Another note this early afternoon that I wanted to pass along to blog readers. Since my wrap-up on the C3 Spring Retreat last week, C3 Consulting Researcher Robert V. Kozinets wrote a blog entry detailing some of his experiences from the event.
A number of great people from major corporations were involved this year, including people from Fidelity Investments, Yahoo!, MTV/Viacom, and Turner Broadcasting. Industry speakers included Brian Haven from Keith Clarkson from Xenophile Media, Matt Wolf from Double Twenty Productions, Forrester Research, and Judy Walklet from Communispace. And for me, it was a thrill to meet a who's who of fan community researchers--people who were absolutely fundamental to my thesis work and who built the universe of fan studies. These included Nancy Baym, Lee Harrington, Jonathan Gray, and Jason Mittell. I also had the opportunity this year and in the past to meet some excellent new scholars in the area, whose work is sure to open up many exciting new avenues of opportunity and insight. This people include Kevin Sandler, Derek Johnson, Gail Derecho, Aswin Panathambekar, Geoff Long, Sam Ford, and Ivan Askwith. And of course it was genuine pleasure to see my friend the esteemed marketing anthropologist and consumer culture icon, Grant McCracken, whose contributions are always elegantly-phrased and thoroughly thought-provoking.
Rob goes on to provide some of the notes he took with him to the conference, some of which he presented as part of the panel on understanding audiences as communities.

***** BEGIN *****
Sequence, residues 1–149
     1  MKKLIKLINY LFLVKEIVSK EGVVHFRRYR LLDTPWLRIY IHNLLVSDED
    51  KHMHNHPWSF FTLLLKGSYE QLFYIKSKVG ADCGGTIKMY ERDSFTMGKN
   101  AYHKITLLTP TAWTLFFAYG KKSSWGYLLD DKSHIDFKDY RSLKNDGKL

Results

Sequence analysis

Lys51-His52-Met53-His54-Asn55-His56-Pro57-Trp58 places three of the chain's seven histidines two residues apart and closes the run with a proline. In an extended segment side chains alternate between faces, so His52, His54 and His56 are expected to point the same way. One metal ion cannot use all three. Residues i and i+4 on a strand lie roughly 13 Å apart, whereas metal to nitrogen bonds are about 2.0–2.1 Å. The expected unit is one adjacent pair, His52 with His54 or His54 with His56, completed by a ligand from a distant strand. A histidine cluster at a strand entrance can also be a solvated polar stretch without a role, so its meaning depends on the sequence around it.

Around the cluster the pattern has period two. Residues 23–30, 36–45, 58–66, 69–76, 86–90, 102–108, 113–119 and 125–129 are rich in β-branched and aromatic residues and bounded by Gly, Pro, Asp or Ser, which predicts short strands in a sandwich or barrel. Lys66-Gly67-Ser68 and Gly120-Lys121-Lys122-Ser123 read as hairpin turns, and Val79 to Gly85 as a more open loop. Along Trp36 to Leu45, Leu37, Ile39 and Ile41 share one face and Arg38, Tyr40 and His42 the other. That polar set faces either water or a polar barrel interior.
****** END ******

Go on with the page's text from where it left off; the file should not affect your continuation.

In my estimation, we actually know very little about this phenomenon of online communities, online media creation, and online-inspired shifts in popular taste. That is why we need collaborations like this one--the MIT Convergence Culture Consortium's blending of corporate interest and sponsorship with that of relevant academics from around the world--to continue and intensify. We need to get grad students working with companies in projects that help them hone their learning, and contribute to companies' changing needs. We need companies to think closer about the role, availability, and presence of quality academic work. We need companies to inspire more of the types of questions that academics work on. Companies need to look at some of the wider social effects of these changes, and conceptualize how they are changing communities and society as they act. Academics need to turn to more topical, current, socially relevant questions, moving from abstract theory to actionable premises. Rather than leaving thinking about the implementation issues to others, academics needs to explore the "so what" questions themselves--investigating and answering what managers are supposed to do with their research results.